As a character, Fong boasts a generally cheery and optimistic demeanor here. Despite the mischief he engages in during his early tenure at Shaolin, he is shown to be a good-hearted soul who gets into trouble for taking food from the temple to share with a poor girl ("White Flower") and her ailing grandfather living in a hut near the temple. Shi Bao Hua, the young actor playing Fong here, is spry and agile and also a very good acrobat and fighter and consistently fun to watch in action. The big fights at the end are staged as part of a competition on a public platform in which an evil master and his son, "Captain Ray Hung" (as he's named in my English-dubbed copy), take on various challengers in Hangchow and use devious means to beat, maim and even kill some of them. The two villains had threatened Fong's family when Fong was a baby, as seen in the film's opening scene, and have been holding a grudge ever since. Fong's final battle with them is the most grueling and satisfying in the film, at least until the rather abrupt ending.

My English-dubbed VHS copy (from Ocean Shores) runs 91 minutes. The English dubbing isn't bad at all, with the crowd scenes handled particularly well. The main character's name is spelled Fong Sze Yu in the opening text and Fang Shiyu in the closing credits. The lead actor's name is spelled Shi Bao Hua in the closing credits and Sze Po Wah on the VHS case. He sometimes went by the name of Barry Tze and starred in a sequel that was released in the U.S. on VHS as part of the Wu Tang Collection under the name, IRON MAN, which I am unable to find on IMDb.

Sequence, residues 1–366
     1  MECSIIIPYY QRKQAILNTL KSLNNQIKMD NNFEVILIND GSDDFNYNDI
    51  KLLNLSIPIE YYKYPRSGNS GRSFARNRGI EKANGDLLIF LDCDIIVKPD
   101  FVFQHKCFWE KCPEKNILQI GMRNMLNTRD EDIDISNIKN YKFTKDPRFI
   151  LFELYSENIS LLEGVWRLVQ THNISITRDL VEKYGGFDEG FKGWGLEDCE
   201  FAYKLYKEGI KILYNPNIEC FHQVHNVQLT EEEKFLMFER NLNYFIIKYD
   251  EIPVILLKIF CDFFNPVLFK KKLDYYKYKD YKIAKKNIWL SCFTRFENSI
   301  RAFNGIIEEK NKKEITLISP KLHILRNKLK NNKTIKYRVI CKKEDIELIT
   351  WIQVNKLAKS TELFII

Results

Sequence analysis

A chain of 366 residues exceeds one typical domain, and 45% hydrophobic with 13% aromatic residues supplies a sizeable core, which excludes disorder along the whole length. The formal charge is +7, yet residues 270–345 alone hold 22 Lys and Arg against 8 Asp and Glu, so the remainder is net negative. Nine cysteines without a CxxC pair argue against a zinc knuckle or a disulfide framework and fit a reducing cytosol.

Given that there appears to be no IMDb page for the sequel, I should add a comment about it here, especially since I watched it right after watching the first film. My notes indicate that its original title was YOUNG HERO OF SHAOLIN 2 and had a 1986 release date. It follows the further adventures of Fong Sai Yuk, but with a greater emphasis on his onetime Shaolin comrade, Hu Wei Chen, a prominent character in other Shaolin-themed kung fu films. Hu is involved in a dispute with local villain Dragon Head, who's backed by a corrupt court official. When Fong comes to town, he immediately takes sides with Hu. Complicating matters is the fact that Dragon Head's sister is attracted to Fong and secretly helps him. When Hu's sister is kidnapped by the gang, all hell breaks loose as the heroes, joined by Fong's mother, Dragon Head's sister, and eventually a whole cadre of Shaolin monks, enter into a pitched battle with increasing numbers of opponents. At one point, Fong and his allies fight the spectacular Golden Formation, seen in shifting patterns in some impressive staging captured in long shot in a prelude to the big fight. There is also a colorful Lion Dance sequence and a surprise appearance by San Te, the monk character featured in THE 36TH CHAMBER OF SHAOLIN. The editing is extremely disjointed and makes the movie play, at times, like excerpts from a much longer film. It was quite confusing early on, but once the kidnapping occurs over halfway through, the plot settles into gear and it's one solid fight scene after another. Like the earlier film, this one is shot on picturesque Chinese locations and uses an ample number of extras. The first film is more cohesive, but the second one is more wildly entertaining. My Wu Tang Collection VHS copy of IRON MAN is dubbed in English, runs 93 minutes, and was transferred in a pan-and-scan edition at the EP speed.